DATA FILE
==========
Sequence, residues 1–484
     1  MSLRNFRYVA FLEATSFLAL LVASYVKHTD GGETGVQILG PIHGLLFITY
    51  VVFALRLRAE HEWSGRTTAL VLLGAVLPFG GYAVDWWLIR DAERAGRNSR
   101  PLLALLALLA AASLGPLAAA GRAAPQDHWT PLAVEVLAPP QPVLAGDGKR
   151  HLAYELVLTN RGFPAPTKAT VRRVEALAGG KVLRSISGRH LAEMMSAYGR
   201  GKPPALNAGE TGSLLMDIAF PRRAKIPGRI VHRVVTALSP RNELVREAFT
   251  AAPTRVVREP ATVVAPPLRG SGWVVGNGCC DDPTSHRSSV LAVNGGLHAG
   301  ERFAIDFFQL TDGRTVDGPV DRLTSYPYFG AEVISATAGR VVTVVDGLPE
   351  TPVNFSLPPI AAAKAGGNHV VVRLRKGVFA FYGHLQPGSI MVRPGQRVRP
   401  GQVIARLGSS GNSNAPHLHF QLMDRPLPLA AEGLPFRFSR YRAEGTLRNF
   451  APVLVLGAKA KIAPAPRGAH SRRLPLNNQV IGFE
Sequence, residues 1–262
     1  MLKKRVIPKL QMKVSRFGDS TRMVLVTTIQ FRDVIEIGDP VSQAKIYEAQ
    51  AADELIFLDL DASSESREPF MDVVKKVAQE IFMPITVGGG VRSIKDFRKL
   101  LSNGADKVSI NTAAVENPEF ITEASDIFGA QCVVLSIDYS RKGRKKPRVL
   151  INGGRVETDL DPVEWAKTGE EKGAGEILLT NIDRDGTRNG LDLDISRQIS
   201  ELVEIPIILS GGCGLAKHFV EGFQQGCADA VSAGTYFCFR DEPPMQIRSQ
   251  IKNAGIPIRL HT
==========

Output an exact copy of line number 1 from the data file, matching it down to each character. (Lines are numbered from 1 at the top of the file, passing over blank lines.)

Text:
Sequence, residues 1–484